A Rocha Kiwis: Beulah Wood
Next in our A Rocha Kiwi series – #ARochaKiwis – featuring people of ARANZ across the country, we have Beulah Wood, another long time volunteer, time time from Auckland.
What do you do with A Rocha and how did you start getting involved?
I’m Beulah Wood and on the A Rocha Auckland Local Group Committee.
I became interested in A Rocha while I was teaching in a theological college in India. I had recently started bird-watching and a friend lent me the book by A Rocha founder, Peter Harris, Under the Bright Wings. The story was remarkable. (I visited the story-site in Portugal in 2018.) Then when A Rocha started in India, I was present for the founding meetings, and later passed them my bird-watching notes.
When and why did you become interested in conservation / caring for creation?
When I started birding, I delighted with the huge variety of land birds to see in India. I might walk for an hour and come back with jotted down descriptions of two new species, and delightedly (but incredibly slowly) finger my way through my new fat book of Indian birds for two hours, trying to find what they were. My perception of God as Creator, delighting in variety and adaptation, grew in leaps and bounds. And God had made humans stewards of his creation.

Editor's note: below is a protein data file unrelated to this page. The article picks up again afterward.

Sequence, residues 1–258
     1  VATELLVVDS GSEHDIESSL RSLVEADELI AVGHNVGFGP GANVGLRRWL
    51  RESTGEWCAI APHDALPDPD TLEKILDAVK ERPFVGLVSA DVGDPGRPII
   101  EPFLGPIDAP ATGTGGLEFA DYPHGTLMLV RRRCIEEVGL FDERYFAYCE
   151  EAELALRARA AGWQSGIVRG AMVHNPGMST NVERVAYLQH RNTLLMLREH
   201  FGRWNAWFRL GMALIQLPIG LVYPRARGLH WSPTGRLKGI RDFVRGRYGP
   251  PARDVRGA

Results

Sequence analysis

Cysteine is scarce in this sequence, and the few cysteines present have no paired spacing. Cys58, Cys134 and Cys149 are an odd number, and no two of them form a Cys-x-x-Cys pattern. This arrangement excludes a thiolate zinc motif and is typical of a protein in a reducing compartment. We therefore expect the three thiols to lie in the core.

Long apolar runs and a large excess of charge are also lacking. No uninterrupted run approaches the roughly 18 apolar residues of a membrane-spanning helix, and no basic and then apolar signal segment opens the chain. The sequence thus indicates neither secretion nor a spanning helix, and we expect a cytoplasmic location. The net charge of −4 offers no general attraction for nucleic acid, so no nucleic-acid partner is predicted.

How does your faith impact your birding?
It goes both ways. Birding impacts my faith as I realise how being a Creator of such bounty and beauty is foundational to who God is. And faith impacts my birding when I realise how God must have had fun creating, and still cares about created things.
Here is a favourite birding memory:
The Paradise Flycatcher is a dimorphic Indian bird the size of a NZ Fantail Flycatcher. The female, a rich rusty colour with touches of black has a tail about 8 cm long, and the male has two colour morphs—black head with rusty mantle like the female, or white mantle and a 25cm white rolled up tail-streamer that uncoils when it flies. So pretty! ‘Paradise’ seems to suit.
I used to join Indian bird-watchers early Sunday mornings. Once when about 15 of us, Hindu, Christian and Muslim, paused with binoculars trained across a pond in a Bangalore city park, we spotted a white morph Paradise flycatcher. From a bamboo clump it flitted, ribbon tail streaming, across the pond to a leafy branch. Exquisite! We collectively, perhaps involuntarily, drew our breath, ‘Ah-h-h-h!’ Such beauty. That response thrilled me. With all our different philosophies, we recognised that loveliness in creation.